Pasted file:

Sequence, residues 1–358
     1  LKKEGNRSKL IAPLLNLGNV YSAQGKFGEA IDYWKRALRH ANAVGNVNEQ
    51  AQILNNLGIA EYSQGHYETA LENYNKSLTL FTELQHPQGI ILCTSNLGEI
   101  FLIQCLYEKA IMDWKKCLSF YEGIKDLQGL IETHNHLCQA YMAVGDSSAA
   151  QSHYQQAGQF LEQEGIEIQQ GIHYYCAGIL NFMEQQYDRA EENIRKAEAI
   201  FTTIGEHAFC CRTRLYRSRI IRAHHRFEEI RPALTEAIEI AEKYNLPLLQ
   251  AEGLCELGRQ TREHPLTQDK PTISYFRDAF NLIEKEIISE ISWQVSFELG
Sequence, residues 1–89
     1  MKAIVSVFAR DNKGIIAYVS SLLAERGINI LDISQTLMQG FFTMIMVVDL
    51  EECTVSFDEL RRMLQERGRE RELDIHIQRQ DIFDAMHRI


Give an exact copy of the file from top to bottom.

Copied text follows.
Sequence, residues 1–358
     1  LKKEGNRSKL IAPLLNLGNV YSAQGKFGEA IDYWKRALRH ANAVGNVNEQ
    51  AQILNNLGIA EYSQGHYETA LENYNKSLTL FTELQHPQGI ILCTSNLGEI
   101  FLIQCLYEKA IMDWKKCLSF YEGIKDLQGL IETHNHLCQA YMAVGDSSAA
   151  QSHYQQAGQF LEQEGIEIQQ GIHYYCAGIL NFMEQQYDRA EENIRKAEAI
   201  FTTIGEHAFC CRTRLYRSRI IRAHHRFEEI RPALTEAIEI AEKYNLPLLQ
   251  AEGLCELGRQ TREHPLTQDK PTISYFRDAF NLIEKEIISE ISWQVSFELG
Sequence, residues 1–89
     1  MKAIVSVFAR DNKGIIAYVS SLLAERGINI LDISQTLMQG FFTMIMVVDL
    51  EECTVSFDEL RRMLQERGRE RELDIHIQRQ DIFDAMHRI